Indexed on: 10 Jan '04Published on: 10 Jan '04Published in: Medical care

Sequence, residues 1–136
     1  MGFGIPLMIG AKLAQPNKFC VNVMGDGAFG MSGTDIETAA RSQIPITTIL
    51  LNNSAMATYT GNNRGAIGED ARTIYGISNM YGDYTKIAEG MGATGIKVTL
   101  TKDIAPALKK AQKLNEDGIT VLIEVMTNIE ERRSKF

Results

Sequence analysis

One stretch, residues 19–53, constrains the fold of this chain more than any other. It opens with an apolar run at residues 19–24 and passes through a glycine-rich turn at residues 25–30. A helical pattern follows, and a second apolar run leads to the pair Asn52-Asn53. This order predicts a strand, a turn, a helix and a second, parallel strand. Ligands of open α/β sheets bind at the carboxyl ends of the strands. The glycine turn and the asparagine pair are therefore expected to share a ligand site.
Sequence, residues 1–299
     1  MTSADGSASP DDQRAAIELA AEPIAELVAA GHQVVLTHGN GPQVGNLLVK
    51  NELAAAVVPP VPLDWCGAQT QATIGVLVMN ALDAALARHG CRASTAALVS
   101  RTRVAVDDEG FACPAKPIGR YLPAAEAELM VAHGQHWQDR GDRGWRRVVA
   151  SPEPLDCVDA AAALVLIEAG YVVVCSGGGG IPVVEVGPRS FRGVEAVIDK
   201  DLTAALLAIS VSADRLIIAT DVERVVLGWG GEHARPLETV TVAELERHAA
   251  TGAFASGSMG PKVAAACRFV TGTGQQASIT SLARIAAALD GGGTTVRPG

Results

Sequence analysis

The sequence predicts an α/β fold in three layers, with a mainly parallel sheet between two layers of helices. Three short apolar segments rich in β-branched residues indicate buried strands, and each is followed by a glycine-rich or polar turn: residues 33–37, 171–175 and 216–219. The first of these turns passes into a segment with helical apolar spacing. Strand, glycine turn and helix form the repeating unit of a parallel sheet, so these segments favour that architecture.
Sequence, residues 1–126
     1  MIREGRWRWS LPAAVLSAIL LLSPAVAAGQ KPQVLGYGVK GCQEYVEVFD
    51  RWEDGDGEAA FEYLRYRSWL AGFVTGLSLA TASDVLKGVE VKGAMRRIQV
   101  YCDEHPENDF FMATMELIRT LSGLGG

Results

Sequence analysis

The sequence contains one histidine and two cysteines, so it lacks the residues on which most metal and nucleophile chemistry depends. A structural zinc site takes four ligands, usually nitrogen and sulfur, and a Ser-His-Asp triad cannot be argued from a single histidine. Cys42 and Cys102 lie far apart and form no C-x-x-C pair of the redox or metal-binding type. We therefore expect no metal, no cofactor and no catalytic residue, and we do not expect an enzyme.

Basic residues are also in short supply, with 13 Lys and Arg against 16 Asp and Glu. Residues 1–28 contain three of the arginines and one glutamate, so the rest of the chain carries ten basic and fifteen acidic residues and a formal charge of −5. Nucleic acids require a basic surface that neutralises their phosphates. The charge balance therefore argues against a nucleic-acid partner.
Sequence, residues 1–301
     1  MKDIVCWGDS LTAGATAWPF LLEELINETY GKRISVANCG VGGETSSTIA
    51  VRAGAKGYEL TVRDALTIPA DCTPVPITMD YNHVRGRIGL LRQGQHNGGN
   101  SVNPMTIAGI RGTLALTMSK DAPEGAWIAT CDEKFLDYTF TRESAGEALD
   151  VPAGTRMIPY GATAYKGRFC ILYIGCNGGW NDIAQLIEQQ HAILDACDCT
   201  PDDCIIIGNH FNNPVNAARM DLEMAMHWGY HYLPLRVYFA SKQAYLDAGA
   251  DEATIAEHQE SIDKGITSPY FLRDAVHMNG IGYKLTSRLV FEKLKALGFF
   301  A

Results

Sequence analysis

Functional limitation is a central concept in the disability process, but its operationalization has varied widely, making it impossible to compare results across studies.Our goal is to systematically compare the effectiveness of alternative measures of functional limitations to predict disability and to provide guidelines for their standardization.Over 100 alternative scales of functional limitations are compared in regression models of disability. The Bayesian information criterion is used to compare the performance of measures.The subjects were 5,764 women, aged 37 to 68, from the Mature and Young Women's cohorts of the National Longitudinal Surveys.Scales are constructed from 9 indicators of activity limitations: (1) grasping, (2) lifting/carrying up to 10 pounds, (3) lifting/carrying heavy weights, (4) reaching, (5) sitting, (6) stairs, (7) standing, (8) stooping, and (9) walking. Respondents were asked whether they could perform the activity without difficulty, with difficulty, or could not perform it at all. The 4 disability outcomes include binary and ordinal measures of work limitation, a single ADL measure (bathing), and total number of ADLs.The 3 best scales used all 9 indicators. The top scale truncated values above 5, while the others logged the sum. Two scales were based on sums of binary indicators, while the third used 3 category indicators.Simple scales perform better than complex scales that separate upper and lower body limitations or weight some limitations more than others. Scales that transform higher values are preferable.